Friday, September 11, 2015

That poetry scandal and September eleventh

I've been wanting to write about this all week, but between trying to adjust to the craziness of back-to-school and re-entering my "regular" life after spending two weeks of just writing in the mountains, I haven't had any time until now.

In this moment, on the morning of September 11th, it is challenging to focus on the Best American Poetry debacle. (Google it if you don't know what I'm talking about. I do not want to set up links here. Most of the shit out there is too awful. But you can go here and here for two spot-on responses.) After all, what's it matter that a white guy assumed a Chinese pen name (which, it turns out, is the name of a former female classmate, making his offense even more severe) and got his mediocre poem published in an anthology edited by a celebrated Native American poet and writer?

It matters to me.

Yes, I'm offended and pissed off that some white guy decides that because his poem was rejected forty times, he would try it under a pen name. An Asian pen name. Because, hey, he thinks, minority poets and writers get published all of the time just because of their name. Right. Hey, asshole: did you ever think that maybe just *maybe* the poem was rejected because it sucked? Because, oh, I don't know, maybe it needed some REVISION?? This is what real poets and writers do. We revise. When rejection comes at us forty times, we step back and say, Hmm - what's not working? Is it the poem? Or maybe the poem doesn't fit the journal's aesthetic vision? It's called writing. Get a fucking clue.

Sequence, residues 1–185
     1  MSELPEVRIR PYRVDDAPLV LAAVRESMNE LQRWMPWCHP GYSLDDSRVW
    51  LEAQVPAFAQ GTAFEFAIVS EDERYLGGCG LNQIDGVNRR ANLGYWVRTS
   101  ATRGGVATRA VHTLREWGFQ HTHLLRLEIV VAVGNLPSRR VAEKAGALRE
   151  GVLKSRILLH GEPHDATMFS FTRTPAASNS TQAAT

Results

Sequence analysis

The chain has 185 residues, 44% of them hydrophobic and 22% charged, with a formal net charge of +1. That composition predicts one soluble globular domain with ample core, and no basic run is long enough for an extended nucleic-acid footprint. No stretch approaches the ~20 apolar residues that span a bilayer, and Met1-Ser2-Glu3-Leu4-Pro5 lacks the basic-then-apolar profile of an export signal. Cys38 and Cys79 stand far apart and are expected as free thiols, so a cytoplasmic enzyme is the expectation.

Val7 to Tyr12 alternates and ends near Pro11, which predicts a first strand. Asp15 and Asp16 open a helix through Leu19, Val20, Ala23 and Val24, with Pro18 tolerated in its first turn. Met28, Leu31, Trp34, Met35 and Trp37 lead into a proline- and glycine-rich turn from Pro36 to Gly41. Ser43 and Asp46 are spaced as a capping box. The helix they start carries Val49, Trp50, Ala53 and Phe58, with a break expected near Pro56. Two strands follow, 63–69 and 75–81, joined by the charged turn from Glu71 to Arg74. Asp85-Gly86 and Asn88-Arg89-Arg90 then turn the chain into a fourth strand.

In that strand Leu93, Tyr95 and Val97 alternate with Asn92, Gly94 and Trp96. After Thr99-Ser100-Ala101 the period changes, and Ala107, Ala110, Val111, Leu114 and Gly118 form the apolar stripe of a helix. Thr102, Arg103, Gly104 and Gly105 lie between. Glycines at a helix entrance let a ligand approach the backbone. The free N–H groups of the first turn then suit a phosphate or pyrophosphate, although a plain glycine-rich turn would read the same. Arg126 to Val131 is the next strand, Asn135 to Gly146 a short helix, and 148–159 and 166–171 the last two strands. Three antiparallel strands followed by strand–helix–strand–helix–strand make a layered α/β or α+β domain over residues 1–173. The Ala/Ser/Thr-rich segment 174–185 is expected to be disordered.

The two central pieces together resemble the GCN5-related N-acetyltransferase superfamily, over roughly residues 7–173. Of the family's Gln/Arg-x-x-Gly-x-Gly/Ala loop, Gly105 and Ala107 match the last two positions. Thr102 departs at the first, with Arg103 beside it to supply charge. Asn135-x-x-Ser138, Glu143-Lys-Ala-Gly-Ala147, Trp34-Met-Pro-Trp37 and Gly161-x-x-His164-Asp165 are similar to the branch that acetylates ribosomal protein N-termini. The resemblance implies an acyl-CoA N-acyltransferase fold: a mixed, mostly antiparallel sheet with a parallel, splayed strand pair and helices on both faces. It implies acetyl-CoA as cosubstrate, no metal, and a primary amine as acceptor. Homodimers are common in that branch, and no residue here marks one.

But here's where I'm REALLY pissed off: Sherman Alexie, celebrated Native American poet and writer whose work I love, was the BAP editor who consciously decided to include the poem anyway, even *after* learning that Yi-Fen Chou was actually a white guy from Indiana. The fuck??? He wrote a whole long-ass piece explaining his decision process, a piece that was so convoluted I wondered if he was trying to convince himself that he did the right thing. It was like reading a train wreck. I'm here to tell you: he did not do the right thing. He possessed a power that few writers of color have and he gave it away. He gave it to White Guy, showing white folks that hey, you, too, can submit your work under an Asian pen name and get published even *after* the jig is up! He also showed us writers of color that despite knowing this white guy is committing literary yellowface, even he, Sherman Alexie, an activist in his own right, is subject to white supremacy. From where I'm standing, it looks like he was too afraid of what the white folks would say more so than what his fellow writers of color would say. And that's just utterly disappointing. He even admitted that he's committing an injustice against writers of color, particularly Chinese and Asian writers. Gee, thanks for the confession. Makes things all better now. Fuck that shit. Now you've got every editor questioning: is this really an Asian writer or is there a white guy behind it? I don't want to get duped. Or criticized for wanting to include writers of color. Thanks a fucking lot.

And here's another question that no one in communities of color really wants to ask in public (for fear of creating division when we need unity right now, but I want to ask because I'm pissed off as an Asian-American poet): had White Guy assumed a Native pen name, would Alexie still have done the same thing? Would he have gone ahead and published that terrible poem? My guess is no. But I'm not Alexie, so what do I know?